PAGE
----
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Uber sues Houston

It’s all about the secrecy.

Uber

Uber is once again suing to keep its secrets.

The ride-hailing service filed suit in Houston last week to block the release of public records that would reveal how many drivers it has licensed in the city, who they are and how the company operates in Texas, according to court documents obtained by The Huffington Post.

Reporters from Al Jazeera America and the Houston Chronicle requested the documents earlier this year as Uber began lobbying for a bill that would allow it to work throughout the state, expanding its reach to 27 million potential customers. The records could shed light on how Uber, which has faced fierce opposition in many new markets, brokers deals in different cities and states to skirt regulations that apply to taxi and limo drivers. They would also show how many of the Uber drivers in Houston were licensed by the city.

Uber argued against the release of those records, insisting that the information constituted trade secrets and would give an edge to smaller rivals such as Lyft and Sidecar.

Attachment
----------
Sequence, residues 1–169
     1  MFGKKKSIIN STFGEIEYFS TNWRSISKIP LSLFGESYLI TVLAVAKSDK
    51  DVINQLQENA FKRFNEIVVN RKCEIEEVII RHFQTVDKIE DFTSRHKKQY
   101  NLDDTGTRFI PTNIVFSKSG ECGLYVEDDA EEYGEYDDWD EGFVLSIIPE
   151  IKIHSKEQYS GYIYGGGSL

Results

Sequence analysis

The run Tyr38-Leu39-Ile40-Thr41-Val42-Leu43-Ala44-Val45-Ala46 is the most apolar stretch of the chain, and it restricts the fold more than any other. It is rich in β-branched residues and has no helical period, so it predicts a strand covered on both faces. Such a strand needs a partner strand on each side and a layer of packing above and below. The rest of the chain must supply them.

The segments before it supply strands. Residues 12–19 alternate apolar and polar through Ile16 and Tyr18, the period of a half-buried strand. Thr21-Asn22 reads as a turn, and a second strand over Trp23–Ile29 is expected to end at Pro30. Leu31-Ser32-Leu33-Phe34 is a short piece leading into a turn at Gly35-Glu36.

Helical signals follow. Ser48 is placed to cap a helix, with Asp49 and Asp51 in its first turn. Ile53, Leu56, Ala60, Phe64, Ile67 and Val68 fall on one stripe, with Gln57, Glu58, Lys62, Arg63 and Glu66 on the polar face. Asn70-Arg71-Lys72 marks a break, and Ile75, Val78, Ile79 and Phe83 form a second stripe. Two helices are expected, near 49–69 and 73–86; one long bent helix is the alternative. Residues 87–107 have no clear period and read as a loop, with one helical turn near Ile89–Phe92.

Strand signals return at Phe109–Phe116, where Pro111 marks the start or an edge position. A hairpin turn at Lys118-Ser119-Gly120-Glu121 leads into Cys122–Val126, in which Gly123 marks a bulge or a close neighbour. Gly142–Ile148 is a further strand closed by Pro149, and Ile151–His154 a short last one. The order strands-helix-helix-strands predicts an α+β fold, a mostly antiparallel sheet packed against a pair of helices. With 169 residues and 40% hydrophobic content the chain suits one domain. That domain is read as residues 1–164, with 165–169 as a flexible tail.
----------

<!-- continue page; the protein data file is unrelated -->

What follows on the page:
“Uber is a private company and as such, information about driver partners is considered confidential and proprietary,” Uber spokeswoman Debbee Hancock told HuffPost in an email.

On April 1, the state attorney general ruled against Uber in favor of making the documents public. Weeks later, the Travis County District Court granted Uber a temporary order to bar Houston officials from releasing the records as the company prepared to sue the city to keep the information secret.

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A clause in the Texas Public Information Act allows companies to review requests related to them before documents are released. In theory, this is to ensure that state officials don’t publicize trade secrets that could damage a firm. For the infamously litigious Uber, the law offers an opportunity to try and quash attempts to peer inside the $40 billion company.

There are other lawsuits involving Uber and Lyft in Texas, but they are the defendants in those cases. The federal lawsuit filed by cab companies has been cleared to continue and is the only one whose recent status I know. There was a hearing for this lawsuit yesterday, and the judge issued an injunction to allow the information to remain confidential pending the outcome of the trial, which is scheduled to begin October 19. We’ll see how it goes. Link via Swamplot.

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